Most bands are distinguished by their frontperson; Rolling Blackouts Coastal Fever are distinguished by the absence of 1. The Melbourne indie rock band has three guitarists who alternate lead vocals—Fran Keaney, Tom Russo, and Joe White—and whereas they’re all succesful singers, none is a pure made-for-the-spotlight kind. Between their personable, if modest, voices and the relentless, high-octane jangle of the guitars, the impact is like a type of periodic R.E.M. songs the place the bassist sings lead, besides Michael Stipe doesn’t return after it’s over. It’s simply all the time a special man who’s not Michael Stipe up subsequent.
Whereas vocals could also be one thing of an afterthought for this band, the guitars themselves are something however. They’re Rolling Blackouts’ motive for being, they usually spout from each crevice of the group’s third album, Limitless Rooms, like jets in an particularly luxurious whirlpool tub. The album by no means stops paying off with fidgety riffs, voluptuous tones, and glowing thrives. Although the band’s purview stays Eighties faculty rock, they mine so many shades and distinct variations that every track appears like a pull of a slot machine. Wound by nervous, frenzied guitars, “Tidal River” teeters with the risky fringe of Heaven Up Right here-era Echo and the Bunnymen, whereas “Blue Eye Lake,” with its accents of post-punk and psychedelia, conjures the nocturnal shimmer of the Church. “Dive Deep,” in the meantime, takes a flip towards the glammy with the report’s slickest, showiest lead guitar heroics. For a band that arrived so totally fashioned, their sound has solely continued to develop richer, the small print round its edges extra articulated.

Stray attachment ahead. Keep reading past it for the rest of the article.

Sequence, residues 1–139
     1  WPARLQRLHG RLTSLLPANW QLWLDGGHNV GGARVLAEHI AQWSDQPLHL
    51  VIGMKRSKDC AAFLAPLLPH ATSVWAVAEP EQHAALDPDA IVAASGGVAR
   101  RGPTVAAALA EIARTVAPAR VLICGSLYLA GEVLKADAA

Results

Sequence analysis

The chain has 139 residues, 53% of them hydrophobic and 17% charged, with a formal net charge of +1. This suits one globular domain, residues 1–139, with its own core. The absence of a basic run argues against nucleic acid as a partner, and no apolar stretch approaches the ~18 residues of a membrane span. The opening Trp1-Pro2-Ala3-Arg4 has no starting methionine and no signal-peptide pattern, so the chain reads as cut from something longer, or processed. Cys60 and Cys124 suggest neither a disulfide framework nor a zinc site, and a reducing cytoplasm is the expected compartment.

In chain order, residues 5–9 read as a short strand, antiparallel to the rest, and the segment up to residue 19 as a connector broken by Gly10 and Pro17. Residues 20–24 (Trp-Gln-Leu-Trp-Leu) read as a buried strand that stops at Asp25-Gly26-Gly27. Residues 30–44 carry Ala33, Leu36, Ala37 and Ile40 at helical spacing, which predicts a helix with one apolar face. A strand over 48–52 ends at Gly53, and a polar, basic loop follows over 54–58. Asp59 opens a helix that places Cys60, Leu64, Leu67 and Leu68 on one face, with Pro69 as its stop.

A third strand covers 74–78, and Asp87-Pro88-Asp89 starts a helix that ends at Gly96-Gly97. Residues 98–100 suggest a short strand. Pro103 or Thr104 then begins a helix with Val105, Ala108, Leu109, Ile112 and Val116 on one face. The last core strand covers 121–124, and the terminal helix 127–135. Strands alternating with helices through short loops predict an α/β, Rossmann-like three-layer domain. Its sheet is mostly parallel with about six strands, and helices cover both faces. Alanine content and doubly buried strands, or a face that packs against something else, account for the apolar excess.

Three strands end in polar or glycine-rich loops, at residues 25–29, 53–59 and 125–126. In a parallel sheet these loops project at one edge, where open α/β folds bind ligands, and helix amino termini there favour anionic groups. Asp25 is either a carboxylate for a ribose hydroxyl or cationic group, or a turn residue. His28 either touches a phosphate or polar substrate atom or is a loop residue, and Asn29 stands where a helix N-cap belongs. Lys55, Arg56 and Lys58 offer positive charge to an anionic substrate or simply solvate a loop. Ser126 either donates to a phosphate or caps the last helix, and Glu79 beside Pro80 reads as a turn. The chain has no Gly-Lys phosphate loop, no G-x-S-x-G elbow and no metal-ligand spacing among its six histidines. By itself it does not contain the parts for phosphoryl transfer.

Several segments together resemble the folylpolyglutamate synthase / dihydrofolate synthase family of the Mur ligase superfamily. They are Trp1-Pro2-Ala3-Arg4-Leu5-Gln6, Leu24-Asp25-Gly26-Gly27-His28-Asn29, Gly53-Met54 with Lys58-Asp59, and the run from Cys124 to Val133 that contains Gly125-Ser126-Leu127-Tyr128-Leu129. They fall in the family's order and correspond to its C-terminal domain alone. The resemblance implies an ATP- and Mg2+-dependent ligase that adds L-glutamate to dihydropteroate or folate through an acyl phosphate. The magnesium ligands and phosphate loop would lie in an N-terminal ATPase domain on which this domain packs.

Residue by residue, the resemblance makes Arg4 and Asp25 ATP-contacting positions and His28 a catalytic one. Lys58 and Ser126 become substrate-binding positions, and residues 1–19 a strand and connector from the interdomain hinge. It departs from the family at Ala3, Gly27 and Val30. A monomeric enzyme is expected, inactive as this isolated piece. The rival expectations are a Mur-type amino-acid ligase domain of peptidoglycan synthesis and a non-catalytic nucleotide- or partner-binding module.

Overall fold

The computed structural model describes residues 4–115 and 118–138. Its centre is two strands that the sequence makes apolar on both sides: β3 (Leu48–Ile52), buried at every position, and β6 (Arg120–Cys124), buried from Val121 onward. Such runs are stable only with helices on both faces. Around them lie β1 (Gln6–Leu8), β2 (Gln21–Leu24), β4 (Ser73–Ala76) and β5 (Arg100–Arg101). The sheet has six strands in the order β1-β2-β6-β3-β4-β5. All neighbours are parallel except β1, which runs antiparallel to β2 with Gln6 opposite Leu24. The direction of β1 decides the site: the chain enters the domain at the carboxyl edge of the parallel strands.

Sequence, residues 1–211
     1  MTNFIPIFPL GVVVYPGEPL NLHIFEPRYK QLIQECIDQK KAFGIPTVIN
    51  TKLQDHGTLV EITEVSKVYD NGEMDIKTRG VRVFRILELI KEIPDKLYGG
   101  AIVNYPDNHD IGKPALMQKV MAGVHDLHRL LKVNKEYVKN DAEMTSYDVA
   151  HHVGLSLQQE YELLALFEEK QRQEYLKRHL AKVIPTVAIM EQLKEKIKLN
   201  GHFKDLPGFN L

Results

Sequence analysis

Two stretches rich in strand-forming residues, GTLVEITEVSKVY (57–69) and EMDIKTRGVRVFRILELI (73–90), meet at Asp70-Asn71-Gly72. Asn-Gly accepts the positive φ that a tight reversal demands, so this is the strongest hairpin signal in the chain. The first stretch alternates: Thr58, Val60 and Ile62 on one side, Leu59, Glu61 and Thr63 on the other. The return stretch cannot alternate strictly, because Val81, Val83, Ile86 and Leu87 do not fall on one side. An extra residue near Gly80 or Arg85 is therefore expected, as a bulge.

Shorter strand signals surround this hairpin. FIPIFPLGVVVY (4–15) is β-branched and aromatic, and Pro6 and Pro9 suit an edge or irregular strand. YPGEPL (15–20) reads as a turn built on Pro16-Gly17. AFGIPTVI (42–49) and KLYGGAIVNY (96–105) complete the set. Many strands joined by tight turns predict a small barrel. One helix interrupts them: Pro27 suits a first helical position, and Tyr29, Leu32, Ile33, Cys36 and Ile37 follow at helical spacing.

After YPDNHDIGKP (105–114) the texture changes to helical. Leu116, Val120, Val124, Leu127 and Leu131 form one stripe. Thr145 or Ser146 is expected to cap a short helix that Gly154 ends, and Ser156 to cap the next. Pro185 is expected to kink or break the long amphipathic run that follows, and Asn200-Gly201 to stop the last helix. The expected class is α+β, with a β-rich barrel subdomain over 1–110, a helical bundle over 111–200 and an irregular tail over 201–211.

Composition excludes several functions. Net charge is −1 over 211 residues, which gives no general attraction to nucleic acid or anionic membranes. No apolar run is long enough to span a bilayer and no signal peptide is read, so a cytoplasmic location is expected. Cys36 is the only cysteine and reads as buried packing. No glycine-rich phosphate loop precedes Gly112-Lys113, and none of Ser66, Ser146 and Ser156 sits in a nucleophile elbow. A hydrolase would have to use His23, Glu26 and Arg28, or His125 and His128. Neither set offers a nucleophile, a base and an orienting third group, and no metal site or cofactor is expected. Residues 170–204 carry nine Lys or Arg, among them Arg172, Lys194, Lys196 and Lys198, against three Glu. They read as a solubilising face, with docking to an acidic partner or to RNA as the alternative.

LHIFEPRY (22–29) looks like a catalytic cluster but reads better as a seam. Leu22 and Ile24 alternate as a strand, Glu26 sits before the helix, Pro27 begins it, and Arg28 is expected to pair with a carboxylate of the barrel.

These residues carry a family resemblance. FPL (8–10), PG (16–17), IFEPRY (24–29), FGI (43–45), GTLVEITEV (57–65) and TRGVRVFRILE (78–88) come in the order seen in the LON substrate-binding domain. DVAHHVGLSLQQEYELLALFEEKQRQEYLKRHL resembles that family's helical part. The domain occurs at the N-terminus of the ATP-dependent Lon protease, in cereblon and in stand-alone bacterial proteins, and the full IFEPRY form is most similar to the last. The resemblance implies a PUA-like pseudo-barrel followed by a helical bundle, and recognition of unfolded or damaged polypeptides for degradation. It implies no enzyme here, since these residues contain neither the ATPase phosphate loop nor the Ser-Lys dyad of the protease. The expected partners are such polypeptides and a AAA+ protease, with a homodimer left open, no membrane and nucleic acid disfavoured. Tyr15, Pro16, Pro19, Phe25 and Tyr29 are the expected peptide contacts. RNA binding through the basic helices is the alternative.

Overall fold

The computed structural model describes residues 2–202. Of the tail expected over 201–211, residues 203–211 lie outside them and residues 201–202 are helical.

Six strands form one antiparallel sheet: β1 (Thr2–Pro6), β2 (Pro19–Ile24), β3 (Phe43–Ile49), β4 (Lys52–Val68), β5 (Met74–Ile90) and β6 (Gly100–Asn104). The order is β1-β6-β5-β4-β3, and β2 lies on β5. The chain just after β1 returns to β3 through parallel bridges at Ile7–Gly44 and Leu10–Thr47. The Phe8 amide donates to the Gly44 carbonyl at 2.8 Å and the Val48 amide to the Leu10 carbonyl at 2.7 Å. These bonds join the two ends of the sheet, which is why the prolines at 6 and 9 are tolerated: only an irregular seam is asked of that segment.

Limitless Rooms’ floor pleasures have a method of masking how purposeful their songwriting may be. Written amid the pandemic and the Australian wildfires declared one of the vital harmful wildlife disasters in fashionable historical past, these songs fixate on class disparities and environmental destruction. Together with a memorable picture of jet skiers dashing over ailing reefs, “Tidal River” is thorned with solutions of local weather change. “Ceiling’s on hearth, the prepare’s leaving the station/It’s January and we’re on trip,” Russo sings, with simply sufficient of a wry edge in his voice you possibly can miss how useless critical the subject material is. On “Noticed You on the Japanese Seashore,” he conjures a panorama in decay: “The petrochemical manufacturing facility glitters like so many valuable stones, even via the bay home windows of the quarter acre houses.”
As incensed as they learn on paper, these lyrics by no means sting sufficient to upset the music’s easygoing vibe, not even on “The Means It Shatters,” the place White pushes again in opposition to rising anti-immigrant sentiment within the county (“For those who had been on the boat, would you flip the opposite method?” he sings). A few of that comes right down to the band’s informal, every-dude presentation; Rolling Blackouts are an excessive amount of of a hangout band to humor any notions of their very own significance. They’re extra fascinated by making a lovable rock’n’roll report than a pointed political assertion, although at its finest Limitless Rooms occurs to be each.
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